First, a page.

If this loss hurts, it hurts for a season. McInerney is a player that can continue to improve and a ready-made replacement for Dawson.

You have to wonder – did Longmire see Dawson’s departure on the horizon mid-season, grooming McInerney to replace him? If so, it is a brilliant move and one that should be acknowledged.

 

BUT…

… what if Longmire opts to keep McInerney on the wing and not use him as he used Dawson? What else can the Swans conjure?

They can conjure Braeden Campbell.

With just eight games to his name in 2021, Campbell struggled to get back in the swing of things after returning from a lengthy stint on the sidelines. However, we saw what he was capable of early in the season, as Longmire used him from half-back, and the rookie showed he was not at all fazed with taking what could have been risky kicks.

Trusting his left boot, Campbell let rip a couple of sizzling passes early in the season that made it impossible to ignore his kicking skills. A fully fit version of the number five pick last year with another pre-season behind him will be encouraged to trust his skills, as Dawson was, as he learns his craft from half-back.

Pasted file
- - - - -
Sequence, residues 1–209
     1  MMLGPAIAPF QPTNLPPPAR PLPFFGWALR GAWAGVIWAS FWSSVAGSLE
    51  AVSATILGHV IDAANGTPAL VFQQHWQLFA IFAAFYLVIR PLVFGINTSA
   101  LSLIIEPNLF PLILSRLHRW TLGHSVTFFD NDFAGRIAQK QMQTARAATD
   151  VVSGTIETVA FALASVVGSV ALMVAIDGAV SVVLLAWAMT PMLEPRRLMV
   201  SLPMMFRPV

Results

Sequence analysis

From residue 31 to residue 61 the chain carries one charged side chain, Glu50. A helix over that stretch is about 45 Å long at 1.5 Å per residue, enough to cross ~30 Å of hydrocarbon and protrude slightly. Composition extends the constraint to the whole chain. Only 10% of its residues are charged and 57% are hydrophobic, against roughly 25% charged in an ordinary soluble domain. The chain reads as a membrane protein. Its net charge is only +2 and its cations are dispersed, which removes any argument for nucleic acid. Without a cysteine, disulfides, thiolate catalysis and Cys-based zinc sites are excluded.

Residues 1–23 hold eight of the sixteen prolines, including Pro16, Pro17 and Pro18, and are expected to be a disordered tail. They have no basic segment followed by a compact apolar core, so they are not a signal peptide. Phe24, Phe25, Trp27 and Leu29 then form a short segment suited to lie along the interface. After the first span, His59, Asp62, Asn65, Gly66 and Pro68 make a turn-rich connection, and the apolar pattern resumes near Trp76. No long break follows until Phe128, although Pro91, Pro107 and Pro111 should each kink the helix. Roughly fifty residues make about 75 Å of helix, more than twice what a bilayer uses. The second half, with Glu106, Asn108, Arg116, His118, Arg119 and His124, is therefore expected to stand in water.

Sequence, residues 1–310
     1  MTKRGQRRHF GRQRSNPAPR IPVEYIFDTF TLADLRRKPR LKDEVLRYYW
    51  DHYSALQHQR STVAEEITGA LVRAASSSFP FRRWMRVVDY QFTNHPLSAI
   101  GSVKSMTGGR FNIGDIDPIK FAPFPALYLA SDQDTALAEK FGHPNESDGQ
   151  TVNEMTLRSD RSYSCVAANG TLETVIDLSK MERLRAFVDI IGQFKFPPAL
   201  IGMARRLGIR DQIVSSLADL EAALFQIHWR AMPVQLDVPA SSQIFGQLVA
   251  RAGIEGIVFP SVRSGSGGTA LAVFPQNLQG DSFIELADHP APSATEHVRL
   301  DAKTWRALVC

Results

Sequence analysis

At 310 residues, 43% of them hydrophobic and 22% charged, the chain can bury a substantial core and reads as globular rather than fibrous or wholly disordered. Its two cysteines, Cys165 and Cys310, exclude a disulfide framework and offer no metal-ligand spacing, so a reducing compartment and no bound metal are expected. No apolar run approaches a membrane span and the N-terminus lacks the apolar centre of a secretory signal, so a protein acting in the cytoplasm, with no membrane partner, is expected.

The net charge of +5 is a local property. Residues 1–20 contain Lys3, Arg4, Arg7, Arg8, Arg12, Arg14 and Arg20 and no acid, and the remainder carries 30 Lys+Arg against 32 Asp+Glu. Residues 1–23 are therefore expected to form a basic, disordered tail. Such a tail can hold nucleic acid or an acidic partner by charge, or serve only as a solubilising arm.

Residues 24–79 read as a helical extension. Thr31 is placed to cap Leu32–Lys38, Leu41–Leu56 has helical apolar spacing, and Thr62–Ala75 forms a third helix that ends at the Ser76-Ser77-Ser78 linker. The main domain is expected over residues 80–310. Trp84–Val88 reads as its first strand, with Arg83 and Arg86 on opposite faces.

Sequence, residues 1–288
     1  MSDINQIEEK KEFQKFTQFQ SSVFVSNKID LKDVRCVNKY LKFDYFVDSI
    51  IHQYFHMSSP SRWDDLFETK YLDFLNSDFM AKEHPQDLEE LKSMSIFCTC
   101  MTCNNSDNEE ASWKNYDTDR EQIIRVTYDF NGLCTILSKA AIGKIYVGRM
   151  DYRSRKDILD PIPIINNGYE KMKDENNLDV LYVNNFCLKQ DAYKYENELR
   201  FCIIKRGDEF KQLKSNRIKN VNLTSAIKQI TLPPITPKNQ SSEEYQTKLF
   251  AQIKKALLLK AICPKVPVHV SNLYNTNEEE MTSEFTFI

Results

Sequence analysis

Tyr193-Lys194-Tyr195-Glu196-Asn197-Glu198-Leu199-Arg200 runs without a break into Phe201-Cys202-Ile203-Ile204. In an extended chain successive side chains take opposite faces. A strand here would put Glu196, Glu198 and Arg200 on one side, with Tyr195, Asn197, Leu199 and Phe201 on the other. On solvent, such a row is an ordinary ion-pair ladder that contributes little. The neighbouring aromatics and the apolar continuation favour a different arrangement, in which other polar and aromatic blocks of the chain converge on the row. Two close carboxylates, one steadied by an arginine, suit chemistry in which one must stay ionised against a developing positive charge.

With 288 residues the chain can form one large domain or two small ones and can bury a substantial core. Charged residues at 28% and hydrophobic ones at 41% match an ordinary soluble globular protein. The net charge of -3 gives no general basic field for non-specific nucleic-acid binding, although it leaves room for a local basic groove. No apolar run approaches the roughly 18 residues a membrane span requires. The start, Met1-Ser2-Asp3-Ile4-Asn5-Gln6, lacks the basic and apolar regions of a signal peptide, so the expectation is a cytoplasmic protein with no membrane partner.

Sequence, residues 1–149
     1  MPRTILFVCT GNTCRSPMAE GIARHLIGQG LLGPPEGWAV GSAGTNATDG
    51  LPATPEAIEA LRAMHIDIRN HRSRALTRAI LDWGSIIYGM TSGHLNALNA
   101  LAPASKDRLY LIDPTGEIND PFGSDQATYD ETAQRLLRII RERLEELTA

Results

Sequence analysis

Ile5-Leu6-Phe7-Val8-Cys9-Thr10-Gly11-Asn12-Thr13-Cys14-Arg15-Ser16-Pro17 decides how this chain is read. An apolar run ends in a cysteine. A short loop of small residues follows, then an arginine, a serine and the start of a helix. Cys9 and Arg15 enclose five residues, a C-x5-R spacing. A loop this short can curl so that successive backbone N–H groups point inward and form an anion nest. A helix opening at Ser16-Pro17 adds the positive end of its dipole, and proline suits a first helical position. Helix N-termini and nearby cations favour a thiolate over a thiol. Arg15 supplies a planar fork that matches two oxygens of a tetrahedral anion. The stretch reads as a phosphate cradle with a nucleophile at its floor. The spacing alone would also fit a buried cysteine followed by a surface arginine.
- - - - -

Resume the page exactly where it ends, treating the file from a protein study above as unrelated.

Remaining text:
How can we be certain he’ll play off half-back?

Well, the Swans did exactly that with Callum Mills as he refined his game, before giving him the chance to excel in a midfield role this season. Sydney do not operate on the timeline of others, and rarely rush a player who is not ready for a role. Campbell will be a midfielder in due course, but for the next 12 months, I would wager his best position would be a half-back flank as he learns his craft. This could release McInerney to the wing more often. Either way, the loss of Dawson is nowhere near as bad as it may have seemed, or as bad as some have made out…

… but yes, a little bit of a better deal would have been preferable for him.